Chapter 17 Solutions
. 17.1. s/ n = 21.88/ 20 = 4.8925 minutes. . 17.2. The mean is x = 251 ms. Because s/ n = s/ 12 = 45 ms, we have s = 155.88 ms. 17.3. (a) t = 2.015 for df = 5 and = 0.05. (b) t = 2.518 for df = 21 and = 0.01. 17.4. Use df = 24. (a) t
Chapter 16 Solutions
16.1. This is an experiment; students were randomly (at the time they visited the site) assigned to a treatment. The explanatory variable is the login box (genuine or not), and the response is the student's action (logging in or not).
Chapter 15 Solutions
15.1. The most important reason is (c); this is a convenience sample consisting of students with a particular interest in filmmaking which may make their opinions different from those of "typical" college-age adults. Anything we learn
Chapter 14 Solutions
. 14.1. The standard deviation is / 840 = 2.0702. (b) The missing number is (a) . . 2/ 840 = 4.1404. (c) The 95% confidence interval is x 2/ 840 = 268 to 276. 14.2. Shown below are sample output screens for (a) 10 and (b) 1000 SRSs.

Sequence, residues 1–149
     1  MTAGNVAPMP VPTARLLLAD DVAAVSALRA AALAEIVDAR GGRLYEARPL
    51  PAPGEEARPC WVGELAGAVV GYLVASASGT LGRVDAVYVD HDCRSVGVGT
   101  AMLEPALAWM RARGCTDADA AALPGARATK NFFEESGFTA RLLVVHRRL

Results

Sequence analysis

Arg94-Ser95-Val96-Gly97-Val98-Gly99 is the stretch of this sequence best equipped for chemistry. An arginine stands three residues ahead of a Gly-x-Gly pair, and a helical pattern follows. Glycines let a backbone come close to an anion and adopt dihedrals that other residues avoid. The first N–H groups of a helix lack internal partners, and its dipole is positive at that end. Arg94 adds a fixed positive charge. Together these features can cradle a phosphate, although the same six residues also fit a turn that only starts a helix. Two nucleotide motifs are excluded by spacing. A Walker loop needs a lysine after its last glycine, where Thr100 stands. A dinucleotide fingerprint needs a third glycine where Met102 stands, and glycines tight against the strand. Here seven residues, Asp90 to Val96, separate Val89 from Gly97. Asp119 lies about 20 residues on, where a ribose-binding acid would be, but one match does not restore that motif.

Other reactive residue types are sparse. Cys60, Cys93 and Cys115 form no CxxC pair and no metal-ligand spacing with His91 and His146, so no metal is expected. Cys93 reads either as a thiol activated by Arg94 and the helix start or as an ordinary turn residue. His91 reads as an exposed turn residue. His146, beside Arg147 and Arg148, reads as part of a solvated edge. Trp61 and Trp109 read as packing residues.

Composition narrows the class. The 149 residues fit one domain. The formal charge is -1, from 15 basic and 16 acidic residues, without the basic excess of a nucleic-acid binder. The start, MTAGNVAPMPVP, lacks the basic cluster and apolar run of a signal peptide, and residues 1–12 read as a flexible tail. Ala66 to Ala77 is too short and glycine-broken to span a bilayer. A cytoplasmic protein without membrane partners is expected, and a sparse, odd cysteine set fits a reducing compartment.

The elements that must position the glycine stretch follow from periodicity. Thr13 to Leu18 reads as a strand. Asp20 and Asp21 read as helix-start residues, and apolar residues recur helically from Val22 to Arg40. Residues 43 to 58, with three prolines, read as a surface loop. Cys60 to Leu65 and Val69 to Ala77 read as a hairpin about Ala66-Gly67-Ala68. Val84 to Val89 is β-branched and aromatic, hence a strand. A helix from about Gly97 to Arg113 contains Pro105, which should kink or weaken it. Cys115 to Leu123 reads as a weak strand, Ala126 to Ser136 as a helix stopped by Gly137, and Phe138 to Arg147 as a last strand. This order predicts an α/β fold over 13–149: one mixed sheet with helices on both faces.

Chapter 13 Solutions
13.1. Yes: (1) We have a fixed number of observations (n = 15). (2) It is reasonable to believe that each call is independent of the others. (3) "Success" means reaching a live person, "failure" is any other outcome. (4) Each randomly
Chapter 12 Solutions
12.1. It is unlikely that these events are independent. In particular, it is reasonable to expect that younger adults are more likely than older adults to be college students. Note: Using the notation of conditional probability introd
Chapter 11 Solutions
11.1. Both 283 and 311 pushes per minute are statistics (related to one sample: the subjects with placebo, and the same subjects with caffeine). 11.2. 41% and 37% are parameters (related to the population of all registered voters in F